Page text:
In most cases, all the hackers got was a name and an email address. What bad things could happen? Aside from the fact this data is going to get sold and resold a thousand times to various spammers, the smart money says it will also likely be used for spear phishing campaigns aimed at select customers. My bet is that Epsilon's banking clients will the first to be phished, since that's the fastest route to money.
If you think you're too smart to fall for a spear phishing attack, remember: Spear phishing is allegedly how Chinese hackers got access to Gmail passwords. If Google can be fooled, so can you.
Epsilon isn't exactly a warm and fuzzy company to start with. MSNBC's Bob Sullivan quotes Epsilon veep Tony Cheung whining about "trigger happy" Americans who label everything spam, even when it legally isn't:
A big part of Epsilon's job is convincing Internet service providers that the e-mails it sends on behalf of brand-name companies aren't spam. Annoyed recipients will trigger consumer complaints and spam reporting, which can cause a red flag at an ISP and ultimately disrupt an e-mail campaign.
Tony Cheung, an Epsilon vice president based in China, lamented in a recent column on the firm's site about Americans' "indignation response" to unwanted e-mails.
"Few Chinese e-mail users actually click to unsubscribe unwanted inbound mails, in stark contrast to the far more trigger-happy Americans and Europeans," he wrote.
The reason unwanted commercial email isn't technically spam is thanks to some extremely weak antispam laws. Essentially, if you've ever done business with a company at any time in the past and you made the mistake of providing them your email address, they can send you as much unsolicited email as they want -- at least, until you tell them to stop. Even if you're not a customer, they can email you out of the blue, and as long as they follow a few simple rules (such as provide a valid subject line, name, address, and working unsubscribe option) they can fill your inbox until you scream "no mas."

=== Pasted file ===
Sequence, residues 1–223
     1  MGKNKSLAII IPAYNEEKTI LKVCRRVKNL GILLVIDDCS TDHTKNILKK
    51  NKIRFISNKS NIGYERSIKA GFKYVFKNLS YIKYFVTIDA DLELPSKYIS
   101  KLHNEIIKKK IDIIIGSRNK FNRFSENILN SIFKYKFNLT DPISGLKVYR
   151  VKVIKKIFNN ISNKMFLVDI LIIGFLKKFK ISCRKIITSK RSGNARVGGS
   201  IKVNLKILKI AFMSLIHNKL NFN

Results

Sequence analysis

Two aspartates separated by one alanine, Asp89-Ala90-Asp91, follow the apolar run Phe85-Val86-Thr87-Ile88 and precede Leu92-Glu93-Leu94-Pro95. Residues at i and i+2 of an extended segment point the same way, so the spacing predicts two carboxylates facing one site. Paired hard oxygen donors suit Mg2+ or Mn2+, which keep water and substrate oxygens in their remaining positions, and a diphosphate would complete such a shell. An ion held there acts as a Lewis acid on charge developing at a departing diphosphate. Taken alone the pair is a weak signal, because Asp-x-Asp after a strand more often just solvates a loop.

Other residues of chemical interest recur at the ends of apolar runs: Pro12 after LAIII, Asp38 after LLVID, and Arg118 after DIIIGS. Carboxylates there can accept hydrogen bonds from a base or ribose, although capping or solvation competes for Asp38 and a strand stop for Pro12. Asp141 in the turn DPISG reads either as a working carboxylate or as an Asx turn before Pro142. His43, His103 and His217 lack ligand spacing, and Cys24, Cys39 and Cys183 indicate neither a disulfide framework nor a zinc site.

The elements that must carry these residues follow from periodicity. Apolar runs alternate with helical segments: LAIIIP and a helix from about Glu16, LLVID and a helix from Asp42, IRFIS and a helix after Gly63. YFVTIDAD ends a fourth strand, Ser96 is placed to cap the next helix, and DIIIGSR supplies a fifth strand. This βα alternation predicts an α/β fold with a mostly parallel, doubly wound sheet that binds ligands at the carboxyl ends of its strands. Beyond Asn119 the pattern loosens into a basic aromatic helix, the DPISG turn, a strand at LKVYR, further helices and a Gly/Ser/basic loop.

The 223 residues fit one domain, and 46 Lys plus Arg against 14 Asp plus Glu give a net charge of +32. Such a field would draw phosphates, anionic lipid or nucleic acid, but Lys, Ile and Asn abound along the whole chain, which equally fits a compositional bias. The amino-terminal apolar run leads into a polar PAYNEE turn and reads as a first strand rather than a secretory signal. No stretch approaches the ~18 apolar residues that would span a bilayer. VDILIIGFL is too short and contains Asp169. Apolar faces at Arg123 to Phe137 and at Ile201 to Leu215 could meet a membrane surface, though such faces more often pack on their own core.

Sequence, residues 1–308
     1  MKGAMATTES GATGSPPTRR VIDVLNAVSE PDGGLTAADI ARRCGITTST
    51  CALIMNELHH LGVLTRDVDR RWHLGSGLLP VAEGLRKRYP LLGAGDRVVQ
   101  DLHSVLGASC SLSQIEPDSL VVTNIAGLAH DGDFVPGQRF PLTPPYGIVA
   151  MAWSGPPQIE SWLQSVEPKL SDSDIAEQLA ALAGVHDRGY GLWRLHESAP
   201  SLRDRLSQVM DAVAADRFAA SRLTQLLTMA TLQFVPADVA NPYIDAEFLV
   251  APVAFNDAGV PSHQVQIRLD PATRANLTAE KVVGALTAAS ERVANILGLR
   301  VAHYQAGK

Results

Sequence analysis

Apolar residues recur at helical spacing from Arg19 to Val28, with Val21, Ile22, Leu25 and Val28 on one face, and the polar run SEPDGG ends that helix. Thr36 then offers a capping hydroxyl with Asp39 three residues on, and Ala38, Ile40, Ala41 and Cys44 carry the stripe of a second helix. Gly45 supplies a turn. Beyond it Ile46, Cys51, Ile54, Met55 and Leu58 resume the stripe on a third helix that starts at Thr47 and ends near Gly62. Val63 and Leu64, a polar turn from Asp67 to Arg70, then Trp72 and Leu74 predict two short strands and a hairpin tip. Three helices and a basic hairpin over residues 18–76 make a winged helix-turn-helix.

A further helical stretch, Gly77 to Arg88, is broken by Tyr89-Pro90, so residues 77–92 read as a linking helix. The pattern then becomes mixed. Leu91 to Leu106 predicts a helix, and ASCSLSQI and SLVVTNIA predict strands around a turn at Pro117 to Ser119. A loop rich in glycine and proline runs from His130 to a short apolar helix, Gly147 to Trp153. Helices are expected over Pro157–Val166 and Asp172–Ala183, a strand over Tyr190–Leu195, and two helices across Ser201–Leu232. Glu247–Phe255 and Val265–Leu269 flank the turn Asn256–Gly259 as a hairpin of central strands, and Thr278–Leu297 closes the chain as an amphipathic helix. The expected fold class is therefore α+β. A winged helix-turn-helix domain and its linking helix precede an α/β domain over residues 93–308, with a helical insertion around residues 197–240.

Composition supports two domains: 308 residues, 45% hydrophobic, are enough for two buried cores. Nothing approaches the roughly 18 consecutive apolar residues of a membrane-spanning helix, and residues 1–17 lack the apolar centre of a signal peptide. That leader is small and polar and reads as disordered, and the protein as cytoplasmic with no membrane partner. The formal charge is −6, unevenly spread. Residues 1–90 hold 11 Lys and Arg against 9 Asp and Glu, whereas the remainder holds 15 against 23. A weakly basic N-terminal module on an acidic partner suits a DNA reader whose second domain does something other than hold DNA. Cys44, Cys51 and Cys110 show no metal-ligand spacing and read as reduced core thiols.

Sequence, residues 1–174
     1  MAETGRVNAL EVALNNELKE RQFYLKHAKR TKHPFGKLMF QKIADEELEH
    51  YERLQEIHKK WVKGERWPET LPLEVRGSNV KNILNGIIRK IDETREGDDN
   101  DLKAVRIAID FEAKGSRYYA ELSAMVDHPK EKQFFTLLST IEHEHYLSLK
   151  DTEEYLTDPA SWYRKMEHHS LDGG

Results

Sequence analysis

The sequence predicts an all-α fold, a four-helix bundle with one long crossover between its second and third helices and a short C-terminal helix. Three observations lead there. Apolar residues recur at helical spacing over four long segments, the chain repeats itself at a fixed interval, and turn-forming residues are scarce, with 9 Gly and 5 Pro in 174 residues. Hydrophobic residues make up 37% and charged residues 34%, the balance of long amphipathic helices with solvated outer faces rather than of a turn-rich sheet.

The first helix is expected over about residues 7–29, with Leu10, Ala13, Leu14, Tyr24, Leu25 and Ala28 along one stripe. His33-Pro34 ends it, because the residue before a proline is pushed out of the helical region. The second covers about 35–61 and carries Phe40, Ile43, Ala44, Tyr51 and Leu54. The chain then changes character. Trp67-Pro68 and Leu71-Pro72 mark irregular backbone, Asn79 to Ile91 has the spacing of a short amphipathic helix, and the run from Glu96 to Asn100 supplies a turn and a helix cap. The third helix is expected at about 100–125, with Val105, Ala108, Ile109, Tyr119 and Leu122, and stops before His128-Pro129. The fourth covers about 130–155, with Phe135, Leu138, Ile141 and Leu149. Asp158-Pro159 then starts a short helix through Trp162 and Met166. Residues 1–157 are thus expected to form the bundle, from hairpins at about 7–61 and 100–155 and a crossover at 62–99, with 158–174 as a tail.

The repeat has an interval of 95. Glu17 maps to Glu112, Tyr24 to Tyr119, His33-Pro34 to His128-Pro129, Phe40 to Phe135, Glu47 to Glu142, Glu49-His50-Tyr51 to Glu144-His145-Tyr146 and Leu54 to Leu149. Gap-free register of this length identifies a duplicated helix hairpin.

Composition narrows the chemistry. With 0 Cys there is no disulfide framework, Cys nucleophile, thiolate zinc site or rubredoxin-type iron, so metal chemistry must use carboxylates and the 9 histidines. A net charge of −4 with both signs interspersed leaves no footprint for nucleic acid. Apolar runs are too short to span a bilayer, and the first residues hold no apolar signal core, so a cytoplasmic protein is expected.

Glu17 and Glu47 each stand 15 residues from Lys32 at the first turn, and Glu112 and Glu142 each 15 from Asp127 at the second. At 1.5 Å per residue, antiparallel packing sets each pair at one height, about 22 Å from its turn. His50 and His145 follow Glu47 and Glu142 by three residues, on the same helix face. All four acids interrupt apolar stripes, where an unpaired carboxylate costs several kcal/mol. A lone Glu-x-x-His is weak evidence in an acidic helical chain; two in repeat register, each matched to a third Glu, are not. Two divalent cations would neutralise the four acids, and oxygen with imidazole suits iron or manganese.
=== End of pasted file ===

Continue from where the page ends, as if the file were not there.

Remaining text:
Technically, that's not spam. But on a practical basis, it is -- hence the "indignation response" we annoying Americans have to this problem.
You want indignation, Epsilon? You ain't seen nothing yet.
The safest path: For the foreseeable future, if you get any emails from any corporate entity that aren't in response to a request you've made, assume they are spam and delete with extreme prejudice. You might miss out on a few deals, but you'll be a bit safer -- and you'll wreak havoc with the business models of Epsilon and its spammy brethren.
This article, "Epsilon, spammers in expensive suits," was originally published at InfoWorld.com. Track the crazy twists and turns of the tech industry with Robert X. Cringely's Notes from the Field blog, and subscribe to Cringely's Notes from the Underground newsletter. For the latest business technology news, follow InfoWorld.com on Twitter.